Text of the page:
“Forget how to sit, that’s all we have to do”
I was introduced to Hobo Theatre earlier this year with their production of Hunger set in a bakery but The Hundred We Are sees them occupy a more traditional theatre space at the Yard in Hackney Wick. This award-winning play by Swedish writer Jonas Hassen Khemiri, translated here by Frank Perry, is a bit of a challenge though as three women sift through their memories and experiences, asking questions about the many different lives that we can and do live, and also pondering those that we do not choose.
For the trio, named enigmatically 1, 2 and 3, are all at different stages in the life of a woman and discuss, debate, disagree and engage in dialogue with each other, restating and rebuilding the personal history that makes them who they are, or even who she is. As fragments of the same person, Ida Bonnast’s fresh and fiery young’un, Katherine Manner’s brittle, dissatisfied middle-aged misery, and Karen Archer’s pragmatic voice of experience tussle and tug against each other, only slowly realising how much they need each other.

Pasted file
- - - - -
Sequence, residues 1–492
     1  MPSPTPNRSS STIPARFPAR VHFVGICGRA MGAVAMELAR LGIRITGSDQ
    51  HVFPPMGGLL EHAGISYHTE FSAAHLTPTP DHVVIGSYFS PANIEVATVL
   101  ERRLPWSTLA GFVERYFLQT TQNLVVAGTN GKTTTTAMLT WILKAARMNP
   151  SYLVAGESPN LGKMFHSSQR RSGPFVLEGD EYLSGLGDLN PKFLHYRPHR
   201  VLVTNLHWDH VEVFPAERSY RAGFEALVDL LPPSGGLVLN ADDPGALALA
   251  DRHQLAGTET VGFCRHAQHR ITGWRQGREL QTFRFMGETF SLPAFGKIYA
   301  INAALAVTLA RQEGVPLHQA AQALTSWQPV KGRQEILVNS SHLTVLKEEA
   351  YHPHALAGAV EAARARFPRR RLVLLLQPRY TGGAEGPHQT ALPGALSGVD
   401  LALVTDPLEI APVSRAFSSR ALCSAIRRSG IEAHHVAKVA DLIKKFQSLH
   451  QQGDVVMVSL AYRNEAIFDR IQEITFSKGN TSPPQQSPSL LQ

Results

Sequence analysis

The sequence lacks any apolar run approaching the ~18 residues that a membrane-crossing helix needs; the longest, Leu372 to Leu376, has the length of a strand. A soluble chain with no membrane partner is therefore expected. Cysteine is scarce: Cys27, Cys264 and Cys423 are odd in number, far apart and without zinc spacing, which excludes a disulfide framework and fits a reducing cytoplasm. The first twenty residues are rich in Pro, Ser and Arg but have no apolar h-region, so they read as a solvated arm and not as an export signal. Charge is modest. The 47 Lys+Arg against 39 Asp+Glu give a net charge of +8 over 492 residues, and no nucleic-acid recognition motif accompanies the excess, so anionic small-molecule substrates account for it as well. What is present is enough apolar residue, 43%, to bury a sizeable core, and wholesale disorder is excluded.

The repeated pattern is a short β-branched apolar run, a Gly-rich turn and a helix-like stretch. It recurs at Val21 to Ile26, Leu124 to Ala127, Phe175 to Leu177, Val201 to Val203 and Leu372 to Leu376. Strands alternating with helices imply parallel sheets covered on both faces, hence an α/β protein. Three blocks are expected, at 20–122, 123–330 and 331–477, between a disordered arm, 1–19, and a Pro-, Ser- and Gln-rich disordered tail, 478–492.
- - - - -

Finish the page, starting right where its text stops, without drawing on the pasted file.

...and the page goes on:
It’s an intriguing concept but one which doesn’t really work here I’m afraid. Moments of real emotion such as the euphoric rush experienced whilst travelling the world are few and far between as a po-faced angst ends up dominating much of the discourse, the gravitas of the whole affair horrendously overstated to the point where so much rape and attempted suicide is packed into the first quarter of an hour that it’s a heavy heart that realises that we’re barely a fifth of the way through the show.
Perry captures some of Khemiri’s poetic grace but it does feel like Jamie Harper’s direction pushes the show a little too firmly in the literal direction, limiting the imaginative possibilities of this split self which only fitfully splutters into effective life.